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Vet Res Commun. 1993;17(5):353-69.

Creatine kinase in the dog: a review.

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Department of Physiopathology, Ecole Nationale Vétérinaire, Toulouse, France.


In the dog, creatine kinase (CK) is mostly present in the skeletal muscles, myocardium, brain and intestine. The MM isoenzyme predominates in muscles and myocardium. In plasma, reference values depend on the technique used and CK-MB accounts for about 30-45% of total CK activity. Sex has no influence on plasma CK activity, which is higher in young dogs than in adults. Plasma CK is elevated after physical exercise. After its release from the cells, CK reaches the plasma mostly via the lymphatic route and then remains in the plasma compartment. It is rapidly cleared with a half-life of about 2 hours. Muscle diseases are the main source of plasma CK elevations: inherited myopathies, malignant hyperthermia, hypothyroidism, vitamin E-selenium deficiency, prolonged decubitus, intramuscular injections, surgery, etc. Plasma CK is also increased in experimental myocardial infarction, for which the dog is an interesting model, allowing quantification of the damage by measuring the total CK activity released.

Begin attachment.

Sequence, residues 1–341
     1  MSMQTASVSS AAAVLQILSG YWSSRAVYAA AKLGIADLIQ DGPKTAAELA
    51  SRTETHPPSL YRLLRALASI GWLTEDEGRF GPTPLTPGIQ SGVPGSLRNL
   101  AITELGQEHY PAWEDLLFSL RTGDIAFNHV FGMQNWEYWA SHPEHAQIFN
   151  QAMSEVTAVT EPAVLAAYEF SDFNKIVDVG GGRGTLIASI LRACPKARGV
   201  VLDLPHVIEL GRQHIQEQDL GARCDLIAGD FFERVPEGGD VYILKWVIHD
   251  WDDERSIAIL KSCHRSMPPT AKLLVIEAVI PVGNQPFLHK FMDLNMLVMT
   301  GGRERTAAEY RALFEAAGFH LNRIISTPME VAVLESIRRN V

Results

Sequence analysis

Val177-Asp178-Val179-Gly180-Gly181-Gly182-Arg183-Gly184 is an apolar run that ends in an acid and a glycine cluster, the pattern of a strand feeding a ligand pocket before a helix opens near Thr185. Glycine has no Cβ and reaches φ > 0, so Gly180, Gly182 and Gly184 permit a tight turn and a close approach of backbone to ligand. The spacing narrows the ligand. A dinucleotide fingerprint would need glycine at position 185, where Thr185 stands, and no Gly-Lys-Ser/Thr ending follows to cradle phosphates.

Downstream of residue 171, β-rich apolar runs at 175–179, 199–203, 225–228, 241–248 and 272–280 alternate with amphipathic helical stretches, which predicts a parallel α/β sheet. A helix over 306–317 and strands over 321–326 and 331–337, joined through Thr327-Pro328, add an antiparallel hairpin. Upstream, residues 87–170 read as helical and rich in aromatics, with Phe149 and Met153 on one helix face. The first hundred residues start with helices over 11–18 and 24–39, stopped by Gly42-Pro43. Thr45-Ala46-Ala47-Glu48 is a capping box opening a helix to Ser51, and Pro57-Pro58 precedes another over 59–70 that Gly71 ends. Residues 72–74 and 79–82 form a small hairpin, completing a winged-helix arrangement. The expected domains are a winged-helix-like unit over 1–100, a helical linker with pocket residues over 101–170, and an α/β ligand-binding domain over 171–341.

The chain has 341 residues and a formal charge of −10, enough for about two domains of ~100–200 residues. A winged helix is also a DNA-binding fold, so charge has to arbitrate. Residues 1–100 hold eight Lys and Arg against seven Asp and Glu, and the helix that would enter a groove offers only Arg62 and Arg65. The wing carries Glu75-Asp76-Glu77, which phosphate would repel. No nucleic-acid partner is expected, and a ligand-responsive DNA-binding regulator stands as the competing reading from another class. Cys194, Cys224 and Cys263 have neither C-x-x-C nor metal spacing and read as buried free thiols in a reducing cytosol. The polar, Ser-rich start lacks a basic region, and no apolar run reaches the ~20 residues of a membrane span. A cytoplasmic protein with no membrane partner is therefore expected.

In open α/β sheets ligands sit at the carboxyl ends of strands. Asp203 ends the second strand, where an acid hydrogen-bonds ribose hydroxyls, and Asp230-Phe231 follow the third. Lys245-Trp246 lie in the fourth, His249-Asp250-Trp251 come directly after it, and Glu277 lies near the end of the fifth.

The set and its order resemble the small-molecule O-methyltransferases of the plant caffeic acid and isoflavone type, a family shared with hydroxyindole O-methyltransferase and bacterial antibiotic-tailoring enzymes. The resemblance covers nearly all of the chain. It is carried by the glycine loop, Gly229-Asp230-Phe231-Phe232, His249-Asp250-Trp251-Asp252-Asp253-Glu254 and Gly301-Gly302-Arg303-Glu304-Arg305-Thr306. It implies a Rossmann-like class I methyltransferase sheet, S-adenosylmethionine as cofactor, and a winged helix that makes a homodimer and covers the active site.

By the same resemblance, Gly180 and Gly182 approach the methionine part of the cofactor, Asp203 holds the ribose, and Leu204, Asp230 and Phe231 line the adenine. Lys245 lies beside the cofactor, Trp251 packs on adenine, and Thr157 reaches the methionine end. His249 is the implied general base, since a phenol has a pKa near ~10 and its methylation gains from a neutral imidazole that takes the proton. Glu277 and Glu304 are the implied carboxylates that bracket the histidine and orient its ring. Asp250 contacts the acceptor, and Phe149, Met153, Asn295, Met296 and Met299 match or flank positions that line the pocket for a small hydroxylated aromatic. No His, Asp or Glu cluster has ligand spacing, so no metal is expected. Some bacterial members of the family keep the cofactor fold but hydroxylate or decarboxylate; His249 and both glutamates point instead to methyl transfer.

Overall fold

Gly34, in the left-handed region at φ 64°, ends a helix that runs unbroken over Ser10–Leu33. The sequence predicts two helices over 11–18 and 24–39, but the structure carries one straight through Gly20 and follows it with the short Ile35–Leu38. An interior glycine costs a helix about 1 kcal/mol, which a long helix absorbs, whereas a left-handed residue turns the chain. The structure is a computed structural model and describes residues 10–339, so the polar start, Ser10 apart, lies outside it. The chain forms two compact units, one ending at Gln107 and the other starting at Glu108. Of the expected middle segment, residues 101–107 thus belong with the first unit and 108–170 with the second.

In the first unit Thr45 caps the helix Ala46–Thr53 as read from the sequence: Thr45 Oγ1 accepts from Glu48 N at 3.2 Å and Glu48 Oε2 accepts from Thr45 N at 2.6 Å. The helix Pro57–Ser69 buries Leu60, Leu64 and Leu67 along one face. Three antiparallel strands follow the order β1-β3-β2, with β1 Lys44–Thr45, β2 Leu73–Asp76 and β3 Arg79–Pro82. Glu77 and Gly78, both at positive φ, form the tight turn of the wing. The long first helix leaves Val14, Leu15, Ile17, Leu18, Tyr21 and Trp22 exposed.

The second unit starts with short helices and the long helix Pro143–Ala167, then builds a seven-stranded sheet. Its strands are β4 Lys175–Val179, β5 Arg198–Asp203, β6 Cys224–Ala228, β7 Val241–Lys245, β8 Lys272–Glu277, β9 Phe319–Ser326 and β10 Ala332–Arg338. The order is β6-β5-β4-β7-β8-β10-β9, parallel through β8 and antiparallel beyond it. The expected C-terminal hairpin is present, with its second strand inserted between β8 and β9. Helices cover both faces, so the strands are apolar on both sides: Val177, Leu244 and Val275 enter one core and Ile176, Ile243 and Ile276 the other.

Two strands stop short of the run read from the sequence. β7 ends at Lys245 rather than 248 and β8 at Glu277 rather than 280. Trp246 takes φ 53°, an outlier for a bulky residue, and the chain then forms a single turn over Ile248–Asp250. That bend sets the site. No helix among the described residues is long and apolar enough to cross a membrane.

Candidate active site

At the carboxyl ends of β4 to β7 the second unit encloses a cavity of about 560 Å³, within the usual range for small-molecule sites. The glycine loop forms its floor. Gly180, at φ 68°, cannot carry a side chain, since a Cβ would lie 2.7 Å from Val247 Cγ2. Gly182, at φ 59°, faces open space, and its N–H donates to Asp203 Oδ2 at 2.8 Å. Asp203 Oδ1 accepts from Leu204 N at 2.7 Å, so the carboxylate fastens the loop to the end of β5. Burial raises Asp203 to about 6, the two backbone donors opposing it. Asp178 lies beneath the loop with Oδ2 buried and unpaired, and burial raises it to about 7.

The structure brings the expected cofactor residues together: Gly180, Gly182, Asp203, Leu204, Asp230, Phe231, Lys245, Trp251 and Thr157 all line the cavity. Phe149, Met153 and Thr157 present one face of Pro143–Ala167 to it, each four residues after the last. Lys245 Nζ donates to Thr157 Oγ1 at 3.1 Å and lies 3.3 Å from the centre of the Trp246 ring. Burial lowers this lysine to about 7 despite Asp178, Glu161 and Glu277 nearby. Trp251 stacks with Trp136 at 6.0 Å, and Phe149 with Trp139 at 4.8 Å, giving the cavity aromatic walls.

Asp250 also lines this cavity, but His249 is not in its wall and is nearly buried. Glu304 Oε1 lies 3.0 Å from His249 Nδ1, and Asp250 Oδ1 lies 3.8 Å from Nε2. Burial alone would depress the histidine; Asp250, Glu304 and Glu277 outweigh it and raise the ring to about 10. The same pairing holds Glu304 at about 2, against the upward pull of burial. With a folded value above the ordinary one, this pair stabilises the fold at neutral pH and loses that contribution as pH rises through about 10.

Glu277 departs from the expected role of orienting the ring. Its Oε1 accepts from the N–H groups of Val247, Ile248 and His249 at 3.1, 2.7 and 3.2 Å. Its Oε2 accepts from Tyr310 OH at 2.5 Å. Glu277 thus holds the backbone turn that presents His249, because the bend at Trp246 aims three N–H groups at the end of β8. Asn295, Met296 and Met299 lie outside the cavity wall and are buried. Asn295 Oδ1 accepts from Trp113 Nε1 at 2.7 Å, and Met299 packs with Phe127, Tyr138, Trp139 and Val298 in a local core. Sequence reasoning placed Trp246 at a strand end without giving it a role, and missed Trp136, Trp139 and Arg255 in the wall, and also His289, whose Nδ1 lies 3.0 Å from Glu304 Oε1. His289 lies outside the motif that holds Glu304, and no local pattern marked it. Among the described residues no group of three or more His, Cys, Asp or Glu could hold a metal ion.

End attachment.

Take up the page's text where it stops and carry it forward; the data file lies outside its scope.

[Indexed for MEDLINE]

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